The traditional açaí na tigela is simple and easy to prepare, requiring only three ingredients: açaí pulp, frozen banana and water. Fortunately, açaí pulp is readily available in international Brazilian stores, making it possible to enjoy this tasty dessert almost anywhere in the world. More complex combinations can include chocolate chips, peanuts and tapioca.

Fried fish with Açaí

Although we usually think of açaí as a fruity dessert or juice, people from northern Brazil are more likely to serve it as a salty paste to accompany hot meals, which often contain seafood. This unique combination dates back to the time when Brazil’s indigenous people first discovered the fruit, and fish from the Amazon River was an essential component of their diet.

The savory açaí paste is made by simply blending açaí pulp with a pinch of salt until it is creamy. This paste can be served directly or enhanced by adding other ingredients such as olive oil and/or lemon. 

Açaí juice or smoothie 

Açaí smoothie, a drinkable meal for those on-the-go, requires blending frozen açaí pulp with other ingredients like bananas, berries, and milk – to give the mixture a creamy, fluid texture.

The preparation of acai juice follows the same procedure and includes almost the same ingredients as those of a smoothie, except fruit juice – usually orange juice – is used instead of milk.

Açaí’s Health Benefits

The dark purple color of açaí fruit hints at its rich nutrition. They stand out among other fruits due to their high fat content, low sugar levels and abundant antioxidants. The effect of such nutrients in the treatment of chronic diseases has earned these berries recognition as a superfood.

Full of antioxidants

Antioxidants are natural or artificial substances that inhibit the effects of free radicals in the body. When free radicals are allowed to interact with human cells, they cause extensive damage by altering cell structures, which can lead to a wide range of diseases such as diabetes and cancer.

Açaí is one of the most antioxidant-rich berries. Its antioxidant properties come from several plant compounds such as anthocyanins, which gives açaí its intense purple color. 

Anthocyanins are red, blue or purple pigments present in many fruits such as blackberries, black rice and açaí. (Image: Messala Ciulla via Pexels)

Rich in minerals

Minerals are compounds that our bodies need to function properly. Usually classified as major minerals, macrominerals, trace minerals and microminerals; a large number of them are present in açaí berries. 

Calcium is the main macromineral contained in açaí. According to the U.S. Department of Agriculture (USDA), 100 grams of açaí pureé contain 40 milligrams of calcium, a mineral important for bone health, muscle and nerve function, blood circulation and immunity.

A variety of trace minerals are also found in açaí berries, including chromium –  key in blood sugar regulation – and other compounds such as zinc, copper, manganese, iron and phosphorus, many of which are part of enzymes and play a role in various bodily functions.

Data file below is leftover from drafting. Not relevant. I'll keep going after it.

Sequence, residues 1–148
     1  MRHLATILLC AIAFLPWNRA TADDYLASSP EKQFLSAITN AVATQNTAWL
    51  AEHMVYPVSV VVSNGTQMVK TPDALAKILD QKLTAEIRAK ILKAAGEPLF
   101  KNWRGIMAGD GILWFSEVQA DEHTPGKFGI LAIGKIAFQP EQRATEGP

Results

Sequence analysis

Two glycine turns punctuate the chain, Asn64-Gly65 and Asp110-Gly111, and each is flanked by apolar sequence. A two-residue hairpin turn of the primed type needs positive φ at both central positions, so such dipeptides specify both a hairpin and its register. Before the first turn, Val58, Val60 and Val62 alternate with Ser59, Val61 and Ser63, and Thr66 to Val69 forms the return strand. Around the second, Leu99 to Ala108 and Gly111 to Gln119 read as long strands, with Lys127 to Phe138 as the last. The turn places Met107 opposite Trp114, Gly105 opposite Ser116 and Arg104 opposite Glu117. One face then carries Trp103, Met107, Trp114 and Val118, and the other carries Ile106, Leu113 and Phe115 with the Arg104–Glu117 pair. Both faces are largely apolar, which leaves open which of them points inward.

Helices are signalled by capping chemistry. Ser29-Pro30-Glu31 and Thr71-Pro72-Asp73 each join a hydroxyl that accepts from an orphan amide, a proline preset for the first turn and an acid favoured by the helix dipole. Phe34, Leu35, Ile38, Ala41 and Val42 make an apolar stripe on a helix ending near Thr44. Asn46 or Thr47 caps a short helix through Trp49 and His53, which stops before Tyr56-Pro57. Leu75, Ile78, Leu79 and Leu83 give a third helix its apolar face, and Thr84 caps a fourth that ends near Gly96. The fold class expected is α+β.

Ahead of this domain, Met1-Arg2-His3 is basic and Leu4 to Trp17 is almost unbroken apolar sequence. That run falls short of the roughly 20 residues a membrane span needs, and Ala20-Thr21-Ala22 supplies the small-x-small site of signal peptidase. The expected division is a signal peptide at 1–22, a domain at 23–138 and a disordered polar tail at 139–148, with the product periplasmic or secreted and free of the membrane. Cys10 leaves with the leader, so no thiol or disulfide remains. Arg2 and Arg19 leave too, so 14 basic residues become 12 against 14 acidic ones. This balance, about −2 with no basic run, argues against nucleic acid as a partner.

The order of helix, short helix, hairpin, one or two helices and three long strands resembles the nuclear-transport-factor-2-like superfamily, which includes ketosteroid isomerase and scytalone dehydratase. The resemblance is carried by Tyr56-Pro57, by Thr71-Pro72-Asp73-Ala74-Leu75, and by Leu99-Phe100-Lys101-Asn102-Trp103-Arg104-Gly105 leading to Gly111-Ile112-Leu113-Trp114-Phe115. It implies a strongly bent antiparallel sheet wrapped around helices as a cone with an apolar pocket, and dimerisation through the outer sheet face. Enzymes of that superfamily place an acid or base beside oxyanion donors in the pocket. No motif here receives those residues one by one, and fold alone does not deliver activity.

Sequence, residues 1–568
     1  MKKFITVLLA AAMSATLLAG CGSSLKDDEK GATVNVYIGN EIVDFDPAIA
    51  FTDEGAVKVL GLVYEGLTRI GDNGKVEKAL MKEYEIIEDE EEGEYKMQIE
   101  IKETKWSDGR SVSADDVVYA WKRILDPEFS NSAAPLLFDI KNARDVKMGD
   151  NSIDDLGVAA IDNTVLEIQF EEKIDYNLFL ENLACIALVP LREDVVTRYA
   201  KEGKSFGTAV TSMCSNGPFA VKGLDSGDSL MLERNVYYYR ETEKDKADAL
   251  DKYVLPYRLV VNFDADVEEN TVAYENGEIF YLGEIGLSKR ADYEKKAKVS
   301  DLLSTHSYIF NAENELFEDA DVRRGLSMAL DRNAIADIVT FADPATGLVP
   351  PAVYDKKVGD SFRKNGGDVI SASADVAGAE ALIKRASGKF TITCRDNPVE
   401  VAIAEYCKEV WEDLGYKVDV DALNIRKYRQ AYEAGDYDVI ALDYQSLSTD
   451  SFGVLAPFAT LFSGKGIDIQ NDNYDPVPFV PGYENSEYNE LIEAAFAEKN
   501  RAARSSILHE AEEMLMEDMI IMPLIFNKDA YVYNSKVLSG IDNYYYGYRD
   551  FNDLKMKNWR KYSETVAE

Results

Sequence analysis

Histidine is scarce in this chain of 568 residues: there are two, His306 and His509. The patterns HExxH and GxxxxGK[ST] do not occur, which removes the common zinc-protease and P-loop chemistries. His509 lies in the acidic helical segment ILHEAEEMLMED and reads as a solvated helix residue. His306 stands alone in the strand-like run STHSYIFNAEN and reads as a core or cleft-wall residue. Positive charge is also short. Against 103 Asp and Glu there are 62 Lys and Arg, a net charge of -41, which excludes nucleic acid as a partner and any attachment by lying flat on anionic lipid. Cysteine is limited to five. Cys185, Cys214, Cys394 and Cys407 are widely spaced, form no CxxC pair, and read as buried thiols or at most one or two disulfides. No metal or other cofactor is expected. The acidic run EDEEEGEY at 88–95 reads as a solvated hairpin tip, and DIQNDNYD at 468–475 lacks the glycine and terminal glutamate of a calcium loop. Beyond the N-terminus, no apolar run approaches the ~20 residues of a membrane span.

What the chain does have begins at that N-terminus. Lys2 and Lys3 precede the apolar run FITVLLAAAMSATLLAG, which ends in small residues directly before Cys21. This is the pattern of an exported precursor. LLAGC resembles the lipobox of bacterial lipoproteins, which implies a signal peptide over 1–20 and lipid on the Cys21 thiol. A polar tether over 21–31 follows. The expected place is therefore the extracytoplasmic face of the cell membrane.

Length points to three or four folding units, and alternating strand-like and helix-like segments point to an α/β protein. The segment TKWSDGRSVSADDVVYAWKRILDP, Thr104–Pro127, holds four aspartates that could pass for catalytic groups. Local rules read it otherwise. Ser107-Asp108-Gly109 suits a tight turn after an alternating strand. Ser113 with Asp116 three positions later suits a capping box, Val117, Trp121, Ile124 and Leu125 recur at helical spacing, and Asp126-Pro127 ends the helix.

Regulates cholesterol 

A study in rabbits published in the National Library of Medicine showed that açaí has the potential to lower LDL (low-density lipoprotein) cholesterol, commonly known as “bad cholesterol,” by decreasing cholesterol synthesis and absorption. 

Likewise, a study in rats concluded that açaí pulp can reduce serum cholesterol by modulating the expression of genes involved in its production. Although further research is needed, it is hypothesized that consumption of açai may have the same effect in humans.

In addition, açai’s anthocyanins pigments have been shown to increase the concentration of HDL (high-density lipoprotein) or “good cholesterol,” which lowers the risk for heart disease and stroke. 

Açaí smoothie bowls with no added sugars make a wholesome breakfast. (Image: Jonathan Borba via Pexels)

May prevent cancer

Research has discovered that açaí consumption has chemopreventive properties. A study found that açaí powder has a protective effect against colon cancer. Another experiment showed that açai pulp can inhibit the development of bladder cancer given its antioxidant action. 

Other studies have analyzed the effects of açaí on other types of cancer and have found that it is not effective in the treatment of stomach cancer, but could be effective in breast cancer. Further studies are needed to determine the full applications of açaí in the prevention of cancer in humans.

Stimulates brain function

Besides the positive role of açaí’s antioxidants in keeping brain cells undamaged, compounds present in these berries have demonstrated their potential to inhibit pathologies involved in cognitive decline by restoring the effects of stressor-induced dysregulations.

Additional research has concluded that incorporating açaí fruit pulp to the diet can improve memory and counteract age-related cognitive deficits due to its influence on antioxidant and anti-inflammatory signaling. 

Adulterated açaí

Because of its potential health benefits, global demand for açaí increased rapidly in the 21st century, introducing many new ways to enjoy it. Competitive marketing brought sugar, questionable fillers, additional supplements, and caffeine into many açaí products — often at the expense of their natural health benefits. 

Açaí sorbets can be customized with different ingredients to satisfy all tastes. (Image: Gonzalo Ruiz via Pexels)

So, although it is fine to indulge from time to time, it is important to be aware of what you are eating, avoid going to extremes, and keep in mind that the best diet for a healthy and balanced body relies on local, seasonal foods in their most natural form.